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Creating a political bogeyman is no easy thing, but Democrats must try to win the midterms

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Here’s how Democrats can save themselves in the coming midterms elections: Use the exact same “1 percent” economic messaging that won President Obama a second term in 2012.

That’s according to a memo circulated in Washington this week from longtime Democratic operatives Stan Greenberg and James Carville. “The economy is still the main issue in the 2014 election, impacting the mood of the country, driving likely voter turnout, and defining what is at stake,” the duo writes, adding that, to date, the way Democrats have talked about the economy has failed to connect with voters.

Chris Cillizza writes “The Fix,” a politics blog for the Washington Post. He also covers the White House. View Archive

Rather than focusing on the progress of the “economic recovery” — a phrase Greenberg and Carville dismiss as wholly ineffective — they urge Obama (and his party) to return to the rich-keep-getting-richer-while-most-people-struggle-to-get-by message that helped him beat Mitt Romney 18 months ago.

“The more powerful set-up for Democrats’ economic message is the contrast with CEOs and the 1 percent whose incomes have soared, while everyone else works hard just to get by,” conclude Greenberg and Carville. “That reflects the experiences of real people in this economy.”

A look back at a single question on the 2012 exit poll bears out the potential power of that message. Roughly one in five voters in 2012 said that the most important trait in making up their mind about who to vote for was that the candidate “cares about people like me.” Among that group, Obama won 81 percent of the vote to 18 percent for Romney — a shellacking that told the broader story of the election. People weren’t in love (or even in like) with Obama’s economic policies — or the health-care law — but they viewed the president as someone looking out for them while Romney was cast as an unfeeling plutocrat looking out for himself and his extremely wealthy friends.

That dislike for Romney — and for a broader way of life the Obama campaign insisted he represented — was the prime motivator for Democratic base voters who represented almost four in 10 of all voters.

The problem — left unmentioned by Greenberg and Carville — for Democrats on the ballot this fall is that they don’t have Romney to kick around. The 2012 GOP nominee, until very recently, has stayed almost entirely out of the political limelight and, while he will endorse candidates and help the party raise money heading into the midterms, he won’t be on the ballot. Running against him won’t work.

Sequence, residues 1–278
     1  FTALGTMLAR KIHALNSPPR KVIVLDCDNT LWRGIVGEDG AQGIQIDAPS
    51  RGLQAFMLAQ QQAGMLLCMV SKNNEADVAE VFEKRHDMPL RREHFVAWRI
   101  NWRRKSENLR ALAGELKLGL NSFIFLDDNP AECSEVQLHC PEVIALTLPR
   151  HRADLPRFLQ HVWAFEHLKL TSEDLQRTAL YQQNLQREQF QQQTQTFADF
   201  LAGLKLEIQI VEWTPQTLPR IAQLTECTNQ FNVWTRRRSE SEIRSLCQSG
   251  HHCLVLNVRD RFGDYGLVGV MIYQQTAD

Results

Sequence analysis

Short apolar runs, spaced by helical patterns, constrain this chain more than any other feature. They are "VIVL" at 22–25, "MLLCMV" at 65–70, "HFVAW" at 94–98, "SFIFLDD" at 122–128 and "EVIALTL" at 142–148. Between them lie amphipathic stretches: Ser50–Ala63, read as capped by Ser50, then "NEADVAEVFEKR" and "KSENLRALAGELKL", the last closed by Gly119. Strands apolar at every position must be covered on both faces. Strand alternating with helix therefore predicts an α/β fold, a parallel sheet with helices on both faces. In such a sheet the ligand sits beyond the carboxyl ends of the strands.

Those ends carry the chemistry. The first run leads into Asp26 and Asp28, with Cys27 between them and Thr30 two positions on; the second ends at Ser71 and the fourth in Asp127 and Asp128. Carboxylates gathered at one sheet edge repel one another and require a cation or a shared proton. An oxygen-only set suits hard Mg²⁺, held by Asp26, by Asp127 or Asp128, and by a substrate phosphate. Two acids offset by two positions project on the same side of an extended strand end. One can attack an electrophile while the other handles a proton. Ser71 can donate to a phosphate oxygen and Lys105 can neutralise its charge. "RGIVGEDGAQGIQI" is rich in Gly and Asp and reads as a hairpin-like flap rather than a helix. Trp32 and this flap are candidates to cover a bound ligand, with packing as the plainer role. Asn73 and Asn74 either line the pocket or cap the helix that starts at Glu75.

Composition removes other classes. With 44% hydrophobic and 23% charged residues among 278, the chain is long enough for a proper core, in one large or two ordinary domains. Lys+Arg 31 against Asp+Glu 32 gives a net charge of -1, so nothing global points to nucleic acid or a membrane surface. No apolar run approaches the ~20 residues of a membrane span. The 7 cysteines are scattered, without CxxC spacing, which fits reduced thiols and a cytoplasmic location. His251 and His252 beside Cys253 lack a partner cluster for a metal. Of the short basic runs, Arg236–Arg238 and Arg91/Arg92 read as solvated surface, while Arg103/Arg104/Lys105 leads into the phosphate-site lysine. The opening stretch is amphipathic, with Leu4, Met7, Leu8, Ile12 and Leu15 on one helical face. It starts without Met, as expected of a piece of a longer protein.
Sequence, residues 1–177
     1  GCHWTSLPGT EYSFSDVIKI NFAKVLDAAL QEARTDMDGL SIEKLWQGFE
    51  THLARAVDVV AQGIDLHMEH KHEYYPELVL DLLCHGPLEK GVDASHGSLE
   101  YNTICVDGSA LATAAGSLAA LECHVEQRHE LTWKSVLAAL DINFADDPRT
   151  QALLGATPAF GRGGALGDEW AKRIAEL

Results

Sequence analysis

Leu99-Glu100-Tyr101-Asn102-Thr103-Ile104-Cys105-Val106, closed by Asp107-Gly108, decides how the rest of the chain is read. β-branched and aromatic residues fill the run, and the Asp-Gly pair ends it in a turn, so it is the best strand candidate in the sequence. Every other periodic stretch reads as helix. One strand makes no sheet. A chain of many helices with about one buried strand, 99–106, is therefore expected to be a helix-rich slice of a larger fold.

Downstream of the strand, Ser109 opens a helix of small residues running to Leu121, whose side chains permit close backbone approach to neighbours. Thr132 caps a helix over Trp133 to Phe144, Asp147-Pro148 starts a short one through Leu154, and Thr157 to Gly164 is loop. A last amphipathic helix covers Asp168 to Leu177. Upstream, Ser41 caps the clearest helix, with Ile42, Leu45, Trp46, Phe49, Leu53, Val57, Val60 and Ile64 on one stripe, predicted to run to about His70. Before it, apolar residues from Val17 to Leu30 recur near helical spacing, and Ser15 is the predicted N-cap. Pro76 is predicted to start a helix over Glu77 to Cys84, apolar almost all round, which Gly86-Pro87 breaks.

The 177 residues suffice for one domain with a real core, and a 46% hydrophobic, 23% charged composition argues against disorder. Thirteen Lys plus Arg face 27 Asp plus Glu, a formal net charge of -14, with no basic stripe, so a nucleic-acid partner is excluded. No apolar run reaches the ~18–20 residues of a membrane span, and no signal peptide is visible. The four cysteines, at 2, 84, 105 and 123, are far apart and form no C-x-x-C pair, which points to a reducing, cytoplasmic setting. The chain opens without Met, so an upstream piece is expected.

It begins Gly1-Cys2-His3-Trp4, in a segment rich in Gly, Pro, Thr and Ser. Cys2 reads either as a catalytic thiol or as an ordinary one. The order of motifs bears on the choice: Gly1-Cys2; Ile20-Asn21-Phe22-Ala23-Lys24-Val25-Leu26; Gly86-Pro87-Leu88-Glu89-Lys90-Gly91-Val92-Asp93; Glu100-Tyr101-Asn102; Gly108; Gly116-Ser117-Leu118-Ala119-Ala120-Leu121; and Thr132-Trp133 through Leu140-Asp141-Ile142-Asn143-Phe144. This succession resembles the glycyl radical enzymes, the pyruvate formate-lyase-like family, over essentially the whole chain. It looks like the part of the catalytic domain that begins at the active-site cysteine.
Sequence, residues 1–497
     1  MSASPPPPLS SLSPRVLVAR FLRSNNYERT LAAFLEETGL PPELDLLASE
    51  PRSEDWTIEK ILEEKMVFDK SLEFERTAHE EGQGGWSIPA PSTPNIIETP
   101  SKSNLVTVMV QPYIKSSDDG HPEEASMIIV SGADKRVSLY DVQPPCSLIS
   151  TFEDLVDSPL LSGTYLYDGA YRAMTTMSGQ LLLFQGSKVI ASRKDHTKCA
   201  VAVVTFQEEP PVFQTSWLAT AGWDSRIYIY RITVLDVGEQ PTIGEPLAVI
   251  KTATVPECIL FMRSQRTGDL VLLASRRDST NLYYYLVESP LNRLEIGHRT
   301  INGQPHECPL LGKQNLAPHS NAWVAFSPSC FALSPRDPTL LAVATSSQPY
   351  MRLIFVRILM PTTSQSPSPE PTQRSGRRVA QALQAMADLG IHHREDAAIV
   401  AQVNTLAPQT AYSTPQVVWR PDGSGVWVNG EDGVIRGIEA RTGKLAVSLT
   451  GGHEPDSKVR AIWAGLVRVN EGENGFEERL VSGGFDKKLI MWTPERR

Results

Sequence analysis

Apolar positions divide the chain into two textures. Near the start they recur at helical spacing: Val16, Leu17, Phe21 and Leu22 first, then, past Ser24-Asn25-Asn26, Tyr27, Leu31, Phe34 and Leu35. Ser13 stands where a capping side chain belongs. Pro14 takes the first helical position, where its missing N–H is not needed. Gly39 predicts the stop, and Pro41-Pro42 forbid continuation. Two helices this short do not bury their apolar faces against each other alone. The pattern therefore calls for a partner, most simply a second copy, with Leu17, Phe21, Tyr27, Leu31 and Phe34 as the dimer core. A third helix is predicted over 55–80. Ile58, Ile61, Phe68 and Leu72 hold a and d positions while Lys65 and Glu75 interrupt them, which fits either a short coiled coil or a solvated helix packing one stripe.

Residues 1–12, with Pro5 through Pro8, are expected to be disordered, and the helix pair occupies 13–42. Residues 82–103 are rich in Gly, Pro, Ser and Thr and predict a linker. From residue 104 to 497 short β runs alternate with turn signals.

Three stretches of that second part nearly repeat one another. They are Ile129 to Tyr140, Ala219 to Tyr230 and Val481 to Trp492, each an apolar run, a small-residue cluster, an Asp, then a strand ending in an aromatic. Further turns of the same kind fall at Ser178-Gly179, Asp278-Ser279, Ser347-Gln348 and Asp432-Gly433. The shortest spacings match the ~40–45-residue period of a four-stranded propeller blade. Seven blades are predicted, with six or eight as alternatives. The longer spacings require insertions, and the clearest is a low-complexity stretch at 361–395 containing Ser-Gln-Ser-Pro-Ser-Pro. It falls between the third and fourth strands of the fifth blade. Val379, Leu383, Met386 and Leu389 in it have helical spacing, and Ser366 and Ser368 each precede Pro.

In Romney’s place, Democrats — led by the relentless Sen. Harry M. Reid — are trying to sub in Charles and David Koch, the billionaire brothers who have lavished tens of millions of dollars on a variety of quasi-political conservative organizations.

The Senate majority leader has called the Kochs “un-American” and insisted that Republicans have been bought off by the brothers. Reid (D-Nev.) has said the Kochs are “pour[ing] unlimited money into our democracy to rig the system to benefit themselves and the wealthiest one percent” — an echo of just the sort of message Greenberg and Carville are advocating. (Sidebar: That is not by accident.)

The problem for Reid — and Democrats running this fall — is twofold:

1. More than half the country has no idea who the Koch brothers are.

2. David and Charles Koch are not on the ballot.

Creating a political bogeyman is no easy thing — it took Republicans years to turn Rep. Nancy Pelosi (D-Calif.) into a figure that motivated their base — and it’s hard to see the Kochs alone serving as the excitement-generator that the Democratic base badly needs.

Greenberg and Carville argue that, even if the negative side of the economic argument works against Republicans, Democrats will need even more to close the deal with their voters. “They are desperate to know what Democrats intend to do and progressives must give them something worth voting for,” Greenberg and Carville write.

Their advice? Focus on unmarried women. “The base includes a very high proportion of unmarried women, and they respond very strongly, as do other voters, to a broad economic agenda, but one dominated by policies explicitly to help working women,” reads the memo. Among those policies: raising the minimum wage, equal pay and protecting Medicare and Social Security.

That advice could be particularly resonant given the number of female incumbents and challengers Democrats are fielding in their fight to retain the Senate: Sens. Mary Landrieu (La.), Kay Hagan (N.C.) and Jeanne Shaheen (N.H.) are all Republican targets, and Alison Lundergan Grimes (Ky.) and Michelle Nunn (Ga.) are the party’s top two recruits.

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